This is one of those tips that you cannot appreciate until you have worked on a control system that did NOT have adequate messaging programmed in it. Operators want to know what is going on, and system messaging is usually their only clue. Imagine running a complex or dangerous process and not having any feedback to tell you what is happening or if anything is happening at all! Or perhaps just as bad, imagine having the process sequence stop with such useless messages as “Sequence on Hold.”
Concept: Nothing frustrates an operator more than working on a control system that provides vague, generic messages, or worse, provides no clue that anything is happening at all. Tell the operator what is going on! If a phase goes to hold, the system should tell the operator why. If the system is on hold for 10 minutes, the operator should see a countdown. The extra effort to do this is minimal, and the positive impact on operations personnel is immeasurable.
Details: Creating detailed messaging is easy once the phase templates have been configured to include it. The messaging can be displayed in a two line message bar at the bottom of the screen that is used for active phase messaging and for operator questions and responses. Two lines are usually necessary because many batch processes have multiple operations occurring simultaneously and providing two message areas avoids overlap.
Here is a sample of some of the messaging an operator should see:
• During timed holds, the system should provide a countdown: “10 minute hold, 6:33 minutes remaining.”
• During material charges the message should indicate the amount and type of material charged and the amount remaining. For instance, the message might read: “Charging 200 gal caustic, 52 gal remaining.”
• If a phase goes to hold, the system should always indicate WHY it went to hold in a detailed manner. For instance, the message might read: “Rx 300 to storage transfer held due to high level in product TK 301.” Resist the urge to write generic messages such as “Phase on hold due to valve misalignment.” Indicate WHICH valve is the problem.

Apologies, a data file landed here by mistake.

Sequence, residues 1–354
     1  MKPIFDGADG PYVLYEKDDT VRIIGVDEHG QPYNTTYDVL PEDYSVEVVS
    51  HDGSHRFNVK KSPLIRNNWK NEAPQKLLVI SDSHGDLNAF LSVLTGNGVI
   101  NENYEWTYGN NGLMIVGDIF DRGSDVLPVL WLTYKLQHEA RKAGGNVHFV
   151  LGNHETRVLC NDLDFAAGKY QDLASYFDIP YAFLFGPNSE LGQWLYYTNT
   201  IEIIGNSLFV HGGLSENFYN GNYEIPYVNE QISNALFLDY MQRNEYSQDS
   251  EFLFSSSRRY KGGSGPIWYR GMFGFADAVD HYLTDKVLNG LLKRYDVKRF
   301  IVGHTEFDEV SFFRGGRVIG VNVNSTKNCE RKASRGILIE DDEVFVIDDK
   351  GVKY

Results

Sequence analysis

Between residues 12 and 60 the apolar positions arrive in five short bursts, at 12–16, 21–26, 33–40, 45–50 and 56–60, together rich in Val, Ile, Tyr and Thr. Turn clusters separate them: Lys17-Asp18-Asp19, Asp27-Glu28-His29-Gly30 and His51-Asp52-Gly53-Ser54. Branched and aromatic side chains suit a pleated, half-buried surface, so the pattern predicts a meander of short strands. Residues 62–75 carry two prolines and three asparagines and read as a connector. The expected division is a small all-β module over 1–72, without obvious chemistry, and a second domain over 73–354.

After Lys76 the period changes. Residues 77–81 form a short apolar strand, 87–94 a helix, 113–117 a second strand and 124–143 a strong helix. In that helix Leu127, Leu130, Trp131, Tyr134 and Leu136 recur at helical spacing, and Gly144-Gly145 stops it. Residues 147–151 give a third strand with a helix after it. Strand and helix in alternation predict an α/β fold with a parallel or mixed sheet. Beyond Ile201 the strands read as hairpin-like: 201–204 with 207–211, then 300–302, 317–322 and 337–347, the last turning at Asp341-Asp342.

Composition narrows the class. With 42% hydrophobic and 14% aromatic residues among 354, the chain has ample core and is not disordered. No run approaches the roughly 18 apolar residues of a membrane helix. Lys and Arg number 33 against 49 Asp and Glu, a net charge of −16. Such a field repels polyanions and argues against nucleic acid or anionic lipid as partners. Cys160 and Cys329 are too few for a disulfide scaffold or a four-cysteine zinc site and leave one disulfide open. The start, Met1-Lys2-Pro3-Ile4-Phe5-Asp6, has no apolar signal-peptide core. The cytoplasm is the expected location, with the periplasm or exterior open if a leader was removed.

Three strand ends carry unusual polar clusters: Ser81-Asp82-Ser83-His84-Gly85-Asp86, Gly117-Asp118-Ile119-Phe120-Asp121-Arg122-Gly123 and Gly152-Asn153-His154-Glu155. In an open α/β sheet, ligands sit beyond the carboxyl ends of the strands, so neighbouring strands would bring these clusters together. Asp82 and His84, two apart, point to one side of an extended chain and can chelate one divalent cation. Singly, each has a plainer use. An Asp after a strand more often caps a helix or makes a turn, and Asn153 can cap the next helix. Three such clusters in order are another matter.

• During equipment setup, the system should indicate what actions are being performed. For instance, the starting of an agitator might generate these messages: “Starting Agitator,” “Ramping speed to 75%,” “Agitator at Speed” etc. Generic messages such as “Setting Up Equipment” do not give much indication of what is happening.
Take the time to do messaging right. The improved operability and increased information to the operator will reduce downtime and allow the operators to quickly identify problems and resolve them without outside maintenance and/or engineering help.
Watch-Outs: If a programmer is not a good speller, do not have him or her doing the messaging! A couple of misspelled words will dramatically lower the perceived quality of the control system in the operator’s eyes. (See Appearance Matters Tip #30.)
Exceptions: There aren’t any. Even a simple sequence can be programmed with a short message bar that is populated as logic is executed.
Insight: A trick to making messaging easy is to create one (or two) operator message variables that appear in the message lines on the bottom of the page. The various phases write to these variables so that the operator gets used to seeing phase related messaging in the same place. These message bars can be placed on several graphics as appropriate.
Rule of Thumb: Messaging can make or break a control system. If the information is detailed and useful, the operator will be able to run the system much more independently and resolve problems without any outside help. If the messages are generic or non-existent, Operations will be calling Engineering all night long looking for help to identify problems and get the process running again.
Hunter Vegas, P.E., holds a B.S.E.E. degree from Tulane University and an M.B.A. from Wake Forest University. His job titles have included instrument engineer, production engineer, instrumentation group leader, principal automation engineer, and unit production manager. In 2001, he joined Avid Solutions, Inc., as an engineering manager and lead project engineer, where he works today. Vegas has executed nearly 2,000 instrumentation and control projects over his career, with budgets ranging from a few thousand to millions of dollars. He is proficient in field instrumentation sizing and selection, safety interlock design, electrical design, advanced control strategy, and numerous control system hardware and software platforms.